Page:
In October 2009, Ewing and her classmates spent more than 40 hours building the wikiup on campus as part of the archeology laboratory courses taught by Casey Dukeman. Made of mud, stones and sticks, the cone-shaped wikiup was modeled after the 10,500-year-old structures excavated from the Mountaineer Site on top of Tenderfoot (aka “W”) Mountain. Using contextual evidence gained through precise mapping techniques, the students were able to create a full-scale model of the wikiup with the same materials that were used prehistorically.
“I was a little sad to see it go, but I was mostly excited because this is one of the project’s final steps,” Ewing remarked. “Burning the wikiup definitely will provide useful data for better understanding of the Mountaineer Site.”
The “living research project” provided various opportunities for students to conduct hands-on experiments. They have shared their findings at conferences, in publications, as well as with local school children. This project generated numerous professional publications, presentations, scholarships and awards.
“Anthropology students at Western are well known in academic and professional archaeological circles for designing and implementing their own experiments to answer questions about field school research that is useful to both the on-going research and student development,” Dukeman noted. “This research is seen by these communities as ground breaking, especially in the ways in which it has gleaned insight into the archaeological record.”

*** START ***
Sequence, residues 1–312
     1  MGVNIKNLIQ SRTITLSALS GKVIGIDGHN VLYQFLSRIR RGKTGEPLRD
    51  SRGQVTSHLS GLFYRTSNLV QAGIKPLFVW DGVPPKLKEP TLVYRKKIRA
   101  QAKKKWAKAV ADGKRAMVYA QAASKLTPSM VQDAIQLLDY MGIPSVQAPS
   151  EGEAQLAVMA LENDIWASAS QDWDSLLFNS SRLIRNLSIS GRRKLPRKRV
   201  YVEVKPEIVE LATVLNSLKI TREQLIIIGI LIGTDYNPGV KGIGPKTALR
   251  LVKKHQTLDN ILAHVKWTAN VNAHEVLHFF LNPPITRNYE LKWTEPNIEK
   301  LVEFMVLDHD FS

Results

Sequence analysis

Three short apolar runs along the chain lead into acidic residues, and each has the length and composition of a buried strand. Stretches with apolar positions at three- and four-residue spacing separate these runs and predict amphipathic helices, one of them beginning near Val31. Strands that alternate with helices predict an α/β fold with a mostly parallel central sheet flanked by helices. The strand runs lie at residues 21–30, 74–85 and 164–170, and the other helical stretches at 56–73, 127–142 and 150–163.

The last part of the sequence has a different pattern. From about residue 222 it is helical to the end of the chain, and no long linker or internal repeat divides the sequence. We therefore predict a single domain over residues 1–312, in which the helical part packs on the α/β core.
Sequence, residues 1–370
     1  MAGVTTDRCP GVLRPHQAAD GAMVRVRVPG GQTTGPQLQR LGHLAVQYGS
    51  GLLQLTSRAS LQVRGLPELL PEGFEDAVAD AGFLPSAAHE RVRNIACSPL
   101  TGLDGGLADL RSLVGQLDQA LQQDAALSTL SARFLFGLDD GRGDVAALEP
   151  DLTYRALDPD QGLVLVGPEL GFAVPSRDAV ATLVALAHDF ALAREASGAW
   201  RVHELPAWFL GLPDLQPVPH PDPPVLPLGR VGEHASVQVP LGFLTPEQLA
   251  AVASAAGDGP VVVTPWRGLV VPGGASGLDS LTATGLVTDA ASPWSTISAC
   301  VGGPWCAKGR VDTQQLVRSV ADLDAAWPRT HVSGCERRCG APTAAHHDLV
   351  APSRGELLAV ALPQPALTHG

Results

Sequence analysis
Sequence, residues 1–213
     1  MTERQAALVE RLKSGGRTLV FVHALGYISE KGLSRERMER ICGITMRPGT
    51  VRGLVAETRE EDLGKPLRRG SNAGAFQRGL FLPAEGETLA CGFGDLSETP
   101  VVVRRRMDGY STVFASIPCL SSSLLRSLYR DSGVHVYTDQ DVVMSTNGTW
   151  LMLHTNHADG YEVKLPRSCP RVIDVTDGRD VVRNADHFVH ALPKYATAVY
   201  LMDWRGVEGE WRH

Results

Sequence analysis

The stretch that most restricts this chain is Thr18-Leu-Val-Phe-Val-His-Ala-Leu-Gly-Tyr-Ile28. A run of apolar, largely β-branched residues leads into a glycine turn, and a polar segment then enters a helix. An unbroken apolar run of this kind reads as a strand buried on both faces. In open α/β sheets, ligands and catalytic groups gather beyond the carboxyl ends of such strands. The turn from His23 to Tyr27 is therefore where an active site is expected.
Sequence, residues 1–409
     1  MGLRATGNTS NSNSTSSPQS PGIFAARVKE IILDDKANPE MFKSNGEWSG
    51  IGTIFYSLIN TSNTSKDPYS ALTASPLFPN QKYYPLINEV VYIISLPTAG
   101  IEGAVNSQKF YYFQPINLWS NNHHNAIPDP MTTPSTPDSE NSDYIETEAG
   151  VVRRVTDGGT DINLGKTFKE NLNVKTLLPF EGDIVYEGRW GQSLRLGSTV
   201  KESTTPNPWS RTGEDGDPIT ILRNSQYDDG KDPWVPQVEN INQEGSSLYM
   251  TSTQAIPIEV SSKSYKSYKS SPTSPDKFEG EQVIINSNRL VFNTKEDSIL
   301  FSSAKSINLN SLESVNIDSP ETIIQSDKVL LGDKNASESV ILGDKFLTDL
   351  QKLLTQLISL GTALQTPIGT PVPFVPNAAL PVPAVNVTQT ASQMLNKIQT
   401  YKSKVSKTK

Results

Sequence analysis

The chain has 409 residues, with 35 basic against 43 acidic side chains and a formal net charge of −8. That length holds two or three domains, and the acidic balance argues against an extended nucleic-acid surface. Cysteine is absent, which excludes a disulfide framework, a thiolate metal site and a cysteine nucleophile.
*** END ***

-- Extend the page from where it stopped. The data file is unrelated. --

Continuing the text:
Western students conducted a number of experiments with the wikiup. Among the tests was measuring the structure’s thermodynamics to learn whether or not it retained enough heat to warrant its use and construction. Students conducted a series of 24-hour experiments recording the structure’s internal temperatures, which included staying overnight in the wikiup in sub-zero temperatures. The result – the wikiup retained heart, even when unoccupied.
“I learned that it is in fact possible, and not too uncomfortable, to sleep in a structure made of sticks and mud on a cold, Gunnison winter night,” Ewing noted.
Students also monitored and recorded the cumulative effects of the wikiup’s decomposition during the past two years. The decision to burn it was based on evidence that the structures had been destroyed by fire after they were abandoned. Students will then excavate the structural remains to assess movement of construction materials and artifacts after the burn.
“This model has been a tremendous aid in our understanding of the architectural technology employed by Folsom inhabitants of the Gunnison Basin 10,500 years ago,” Dukeman said. “Burning our model also will help us understand processes through time and help with our interpretation of archaeological sites. Overall, the wikiup was a living research project that benefited our students, the community, and most importantly, our understanding of the prehistoric people who lived in Gunnison.”